Chacha/ Arak/ Rakia

Chacha  is a Georgian pomace brandy, a clear and stron), which is sometimes called “vine vodka”, “grape vodka”, or “Georgian vodka/grappa”. It is made of grape pomace. The term Chacha is used in Georgia to refer to grape distillate. It may be also produced from unripe or wild grapes. Other common fruits or herbs used are figs, tangerines, oranges, mulberries or tarragon.

Arak is a colorless, anise-flavored alcoholic Aperitif traditionally imbibed in Middle Eastern countries. Arak is typically made from grapes grown in Mediterranean climates, though dates, plums, figs, may also be used. After Arak grapevines have matured to a golden color – usually in late September or October – the grapes are harvested and stored in barrels for three weeks to ferment.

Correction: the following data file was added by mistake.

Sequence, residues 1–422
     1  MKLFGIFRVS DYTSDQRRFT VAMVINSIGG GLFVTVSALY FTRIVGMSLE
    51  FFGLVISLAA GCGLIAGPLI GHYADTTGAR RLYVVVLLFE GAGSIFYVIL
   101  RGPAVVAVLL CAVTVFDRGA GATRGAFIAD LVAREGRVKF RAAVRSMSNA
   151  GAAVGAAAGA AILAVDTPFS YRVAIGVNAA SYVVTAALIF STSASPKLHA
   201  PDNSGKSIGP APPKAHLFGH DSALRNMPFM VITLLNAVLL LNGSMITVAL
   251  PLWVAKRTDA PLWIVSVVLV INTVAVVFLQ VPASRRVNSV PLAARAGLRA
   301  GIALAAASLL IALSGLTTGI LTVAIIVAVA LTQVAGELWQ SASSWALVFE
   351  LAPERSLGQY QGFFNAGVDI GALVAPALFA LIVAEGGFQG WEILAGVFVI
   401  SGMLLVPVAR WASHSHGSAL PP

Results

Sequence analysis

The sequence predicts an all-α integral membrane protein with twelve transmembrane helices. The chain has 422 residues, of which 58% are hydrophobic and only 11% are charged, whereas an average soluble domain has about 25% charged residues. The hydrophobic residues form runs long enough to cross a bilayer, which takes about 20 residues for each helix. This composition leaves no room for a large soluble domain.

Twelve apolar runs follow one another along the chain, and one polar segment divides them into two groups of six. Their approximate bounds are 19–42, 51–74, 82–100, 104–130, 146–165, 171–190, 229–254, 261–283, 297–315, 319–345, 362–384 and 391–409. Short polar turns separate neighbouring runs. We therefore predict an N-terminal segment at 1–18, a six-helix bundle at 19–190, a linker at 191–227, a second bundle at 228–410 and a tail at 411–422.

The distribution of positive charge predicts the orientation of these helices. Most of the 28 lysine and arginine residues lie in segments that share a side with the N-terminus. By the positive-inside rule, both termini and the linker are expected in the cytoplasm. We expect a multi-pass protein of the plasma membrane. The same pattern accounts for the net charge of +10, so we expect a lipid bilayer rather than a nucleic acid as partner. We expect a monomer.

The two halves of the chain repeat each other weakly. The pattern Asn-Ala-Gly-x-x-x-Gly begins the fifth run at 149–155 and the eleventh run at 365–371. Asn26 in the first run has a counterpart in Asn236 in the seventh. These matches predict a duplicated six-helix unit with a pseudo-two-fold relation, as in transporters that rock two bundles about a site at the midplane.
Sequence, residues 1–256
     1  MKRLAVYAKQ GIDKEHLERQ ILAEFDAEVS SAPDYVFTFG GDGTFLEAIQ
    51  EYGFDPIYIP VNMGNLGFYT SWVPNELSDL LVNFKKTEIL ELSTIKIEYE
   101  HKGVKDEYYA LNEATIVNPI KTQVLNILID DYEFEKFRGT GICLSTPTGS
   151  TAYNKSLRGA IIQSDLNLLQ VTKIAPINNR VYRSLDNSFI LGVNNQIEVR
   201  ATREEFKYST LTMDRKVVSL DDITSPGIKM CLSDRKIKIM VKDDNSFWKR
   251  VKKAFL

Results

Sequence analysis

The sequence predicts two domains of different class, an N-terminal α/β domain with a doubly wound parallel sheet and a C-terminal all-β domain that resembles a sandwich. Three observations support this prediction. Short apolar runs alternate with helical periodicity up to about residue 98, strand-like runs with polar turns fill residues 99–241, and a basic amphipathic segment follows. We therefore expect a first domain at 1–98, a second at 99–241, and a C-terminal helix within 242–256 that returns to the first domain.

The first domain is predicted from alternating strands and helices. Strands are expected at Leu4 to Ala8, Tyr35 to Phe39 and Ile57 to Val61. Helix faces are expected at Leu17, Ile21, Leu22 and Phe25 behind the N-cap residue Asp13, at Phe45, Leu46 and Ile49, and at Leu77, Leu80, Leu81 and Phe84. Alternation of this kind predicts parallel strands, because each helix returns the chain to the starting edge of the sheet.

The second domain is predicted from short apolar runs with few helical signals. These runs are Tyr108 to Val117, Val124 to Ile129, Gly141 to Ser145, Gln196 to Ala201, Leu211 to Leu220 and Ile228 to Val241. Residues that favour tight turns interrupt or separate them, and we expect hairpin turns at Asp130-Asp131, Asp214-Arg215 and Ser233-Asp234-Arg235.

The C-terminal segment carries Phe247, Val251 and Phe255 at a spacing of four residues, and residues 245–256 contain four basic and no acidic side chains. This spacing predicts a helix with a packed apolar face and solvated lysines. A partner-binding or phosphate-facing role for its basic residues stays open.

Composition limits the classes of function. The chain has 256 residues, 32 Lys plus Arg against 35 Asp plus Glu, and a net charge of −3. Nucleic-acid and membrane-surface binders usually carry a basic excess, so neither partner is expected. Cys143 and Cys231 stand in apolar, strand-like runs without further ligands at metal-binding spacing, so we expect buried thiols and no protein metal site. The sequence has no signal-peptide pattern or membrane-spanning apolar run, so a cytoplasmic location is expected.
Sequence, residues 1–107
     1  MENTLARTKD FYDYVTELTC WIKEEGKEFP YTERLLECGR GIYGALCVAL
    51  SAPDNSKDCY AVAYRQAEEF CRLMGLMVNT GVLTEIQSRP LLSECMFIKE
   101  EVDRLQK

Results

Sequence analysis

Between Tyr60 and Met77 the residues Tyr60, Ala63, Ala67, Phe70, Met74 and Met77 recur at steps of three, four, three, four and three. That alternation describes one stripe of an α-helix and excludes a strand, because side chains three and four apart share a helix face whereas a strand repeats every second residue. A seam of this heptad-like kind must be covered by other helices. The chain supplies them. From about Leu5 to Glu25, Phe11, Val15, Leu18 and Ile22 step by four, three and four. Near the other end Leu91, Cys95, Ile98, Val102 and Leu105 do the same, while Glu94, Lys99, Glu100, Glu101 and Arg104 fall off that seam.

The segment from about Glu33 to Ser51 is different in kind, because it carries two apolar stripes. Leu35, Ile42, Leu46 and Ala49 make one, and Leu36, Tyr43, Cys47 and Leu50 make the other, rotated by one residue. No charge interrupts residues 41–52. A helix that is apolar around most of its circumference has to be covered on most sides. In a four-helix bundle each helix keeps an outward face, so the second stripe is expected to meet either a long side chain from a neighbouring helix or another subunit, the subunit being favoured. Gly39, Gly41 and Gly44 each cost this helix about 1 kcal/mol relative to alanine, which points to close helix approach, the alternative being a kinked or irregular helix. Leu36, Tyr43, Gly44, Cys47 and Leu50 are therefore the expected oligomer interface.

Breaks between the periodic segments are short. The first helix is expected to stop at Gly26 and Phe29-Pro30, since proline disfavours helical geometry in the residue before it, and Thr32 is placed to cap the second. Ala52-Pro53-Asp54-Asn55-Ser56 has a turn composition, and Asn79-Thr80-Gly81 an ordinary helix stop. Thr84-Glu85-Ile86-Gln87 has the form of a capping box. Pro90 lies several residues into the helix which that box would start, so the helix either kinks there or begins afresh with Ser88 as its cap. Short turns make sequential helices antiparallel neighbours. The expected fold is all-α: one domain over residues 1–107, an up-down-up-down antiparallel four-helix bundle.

Rakia is the collective term for fruit brandy popular in the Balkans. The alcohol content of Rakia is normally 40% ABV, but home-produced Rakia can be stronger (50%). Rakia can be distilled from virtually any fruit. In Bulgaria, grapes, plums, and apricots are most frequently used as a raw material. Sometimes producers add walnuts, honey, or herbs for extra aroma, but it is not very common.